This post is by LAS, relative newcomer to the menswear blog scene. He might be newer to the scene than some people (like me), but that hasn't stopped him from killing it from the very start (unlike me). Check him out over at Sartorially Inclined. Here is his post.
When Conor approached me to do a guest post I was admittedly flattered. I follow Conor's blog and one of the reasons I don't do more posts on myself and my own gear is due to the fact that guy's like him have that kind of stuff on lock (not to mention my point and shoot sucks). Being given full reign to talk about anything and everything was a little intimidating at first, and much like a guest who was invited to a classy dinner party, I knew I had to bring something seriously proper.
Luckily for me as I was waiting in the airport late on a Sunday night watching the Colts battle the Patriots when a commercial for Sirius satellite radio came on. While I don't quite remember the pitch, I do remember the Elvis Presley video clip that kicked it off. Evils was, and always will be, a complete and utter stud in my eyes. His talents, while never questioned, become all the more apparent by the day as white R&B singers become more scarce than white rappers. With some fresh inspiration I hit the interwebs to dig up some pictures of The King. All jumpsuits and Vegas bafoon-ery aside, Elvis had style in spades. Before long it became clear to me that my guest post would be the perfect opportunity to do a style retrospective featuring, the one, the only, Elvis.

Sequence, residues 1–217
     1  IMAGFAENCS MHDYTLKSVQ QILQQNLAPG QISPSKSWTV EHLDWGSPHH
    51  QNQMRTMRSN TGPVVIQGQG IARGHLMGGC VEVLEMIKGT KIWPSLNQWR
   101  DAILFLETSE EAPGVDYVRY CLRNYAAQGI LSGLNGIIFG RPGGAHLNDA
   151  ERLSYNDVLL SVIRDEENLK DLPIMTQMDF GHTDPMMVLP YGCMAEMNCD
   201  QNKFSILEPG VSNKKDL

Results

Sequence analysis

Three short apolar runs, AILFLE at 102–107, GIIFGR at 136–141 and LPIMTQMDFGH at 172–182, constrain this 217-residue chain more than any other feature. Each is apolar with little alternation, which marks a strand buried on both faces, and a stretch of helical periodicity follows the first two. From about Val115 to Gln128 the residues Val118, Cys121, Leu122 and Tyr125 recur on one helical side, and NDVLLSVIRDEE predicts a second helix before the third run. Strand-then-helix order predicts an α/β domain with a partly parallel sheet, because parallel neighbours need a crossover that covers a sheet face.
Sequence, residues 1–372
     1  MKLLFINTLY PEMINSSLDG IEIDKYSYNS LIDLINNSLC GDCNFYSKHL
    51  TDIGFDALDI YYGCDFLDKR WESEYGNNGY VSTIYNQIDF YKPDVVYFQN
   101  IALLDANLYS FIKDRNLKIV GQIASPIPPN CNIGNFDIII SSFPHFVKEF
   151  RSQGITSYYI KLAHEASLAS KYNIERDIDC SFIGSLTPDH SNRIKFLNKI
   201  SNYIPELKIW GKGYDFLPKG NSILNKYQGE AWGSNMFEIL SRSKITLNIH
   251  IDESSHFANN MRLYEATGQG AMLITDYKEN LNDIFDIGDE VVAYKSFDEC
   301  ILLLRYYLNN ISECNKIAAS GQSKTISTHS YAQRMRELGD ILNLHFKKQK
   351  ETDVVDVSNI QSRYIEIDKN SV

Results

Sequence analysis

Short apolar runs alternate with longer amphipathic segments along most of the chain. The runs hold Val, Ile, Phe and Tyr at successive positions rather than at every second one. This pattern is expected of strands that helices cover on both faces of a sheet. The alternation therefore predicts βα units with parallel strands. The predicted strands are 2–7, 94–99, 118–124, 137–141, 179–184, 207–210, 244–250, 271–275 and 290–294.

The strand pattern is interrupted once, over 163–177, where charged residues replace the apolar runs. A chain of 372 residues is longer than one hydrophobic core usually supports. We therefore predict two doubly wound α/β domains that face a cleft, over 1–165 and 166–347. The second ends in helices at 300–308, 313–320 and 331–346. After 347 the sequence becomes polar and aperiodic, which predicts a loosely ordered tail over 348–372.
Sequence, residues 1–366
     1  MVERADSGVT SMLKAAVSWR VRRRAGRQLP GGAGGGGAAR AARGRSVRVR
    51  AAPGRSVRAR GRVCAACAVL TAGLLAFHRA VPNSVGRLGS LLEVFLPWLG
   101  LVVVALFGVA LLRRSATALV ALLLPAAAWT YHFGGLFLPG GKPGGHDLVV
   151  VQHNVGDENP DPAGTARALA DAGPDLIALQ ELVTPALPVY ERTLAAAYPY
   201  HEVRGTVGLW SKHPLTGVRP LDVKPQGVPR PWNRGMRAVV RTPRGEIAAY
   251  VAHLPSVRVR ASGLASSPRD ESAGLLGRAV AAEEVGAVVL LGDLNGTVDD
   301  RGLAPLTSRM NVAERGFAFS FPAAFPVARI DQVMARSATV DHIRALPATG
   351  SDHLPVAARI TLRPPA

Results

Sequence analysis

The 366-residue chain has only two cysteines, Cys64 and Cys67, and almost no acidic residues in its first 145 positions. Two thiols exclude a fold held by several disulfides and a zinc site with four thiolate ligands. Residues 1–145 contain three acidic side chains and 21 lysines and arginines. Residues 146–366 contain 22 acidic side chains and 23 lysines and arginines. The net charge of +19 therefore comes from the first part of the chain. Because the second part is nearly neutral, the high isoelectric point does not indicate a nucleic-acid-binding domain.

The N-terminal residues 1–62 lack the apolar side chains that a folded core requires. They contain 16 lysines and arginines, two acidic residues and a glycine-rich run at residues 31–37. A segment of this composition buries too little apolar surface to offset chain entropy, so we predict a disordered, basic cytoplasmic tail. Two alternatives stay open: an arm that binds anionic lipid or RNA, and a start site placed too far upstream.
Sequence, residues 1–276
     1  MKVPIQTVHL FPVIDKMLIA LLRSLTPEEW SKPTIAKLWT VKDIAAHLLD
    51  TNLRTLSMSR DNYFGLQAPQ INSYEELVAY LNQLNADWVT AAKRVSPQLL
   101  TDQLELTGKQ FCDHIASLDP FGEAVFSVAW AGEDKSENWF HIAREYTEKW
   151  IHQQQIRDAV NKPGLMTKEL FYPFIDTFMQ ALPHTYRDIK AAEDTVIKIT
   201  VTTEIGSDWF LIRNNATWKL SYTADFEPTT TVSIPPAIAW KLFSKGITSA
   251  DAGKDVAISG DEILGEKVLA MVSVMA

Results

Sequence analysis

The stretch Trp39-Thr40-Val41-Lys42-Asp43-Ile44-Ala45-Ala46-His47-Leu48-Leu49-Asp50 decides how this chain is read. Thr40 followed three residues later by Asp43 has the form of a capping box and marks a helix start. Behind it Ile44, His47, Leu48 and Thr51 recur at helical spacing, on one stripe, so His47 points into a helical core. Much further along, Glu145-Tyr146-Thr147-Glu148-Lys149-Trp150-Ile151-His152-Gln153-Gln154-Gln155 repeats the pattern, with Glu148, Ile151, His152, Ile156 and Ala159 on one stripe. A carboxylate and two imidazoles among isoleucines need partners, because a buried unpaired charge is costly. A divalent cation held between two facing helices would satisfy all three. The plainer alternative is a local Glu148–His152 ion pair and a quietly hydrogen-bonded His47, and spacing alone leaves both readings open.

No discussion of Elvis' style can begin without talking about that head of hair. The stuff of a greasers wet-dream, The King's iconic do was something he picked up while driving trucks and hanging out with truckers in Memphis. While southern truckers had been wearing their hair in this style for sometime, It was Elvis who made the greasy, jet-black, sideburn clad, ducktail famous.
Elvis' style, much liked his music, was fascinating. His ability to blur the lines between race was equally spellbinding and frightening for the 1950's. It could be argued that America was never truly ready for Elvis. Case and point: above you'll see mid to late 1950's era Elvis channeling both down south, good ol' boy country and badboy, rhythm and blues lady killer.
The guy cleaned up nice too. Check out Elvis here with Ann Margret from their 1964 film Viva Las Vegas. The expertly tailored, skinny lapel suit and tie bar are ubiquitous these days and here Elvis put on a clinic (sorry Mr. Draper). I'm fairly certain this is a sharkskin suit as well, and was hoping to find some color pics, but black and white will have to do for the time being.
It takes a lot of balls to rock all black leather during your 1968 comeback special on NBC. Facing the nation with his career steadily in decline, Elvis hit back with a vengeance. With one set, an intimate crowd and an arsenal of chart-topping hits, Elvis single handedly won America over for a second time. It takes a certain level of iconic status to pull something like this off. It doesn't hurt to be the King Of Rock and Roll either.
While my style retrospective ends here, we all know The King's career didn't. I won't go into the tailend of what can only be described as a monstrous career because it often cheapens all the great things Mr. Presley did for music and entertainment. At the end of the day, The King couldn't stop, well, being "The King" and it ultimately led to his unfortunate demise. Despite a classic lesson in self destruction, he left a legacy that changed the face of music and a style as iconic as a pair of blue suede shoes. Oh, wait...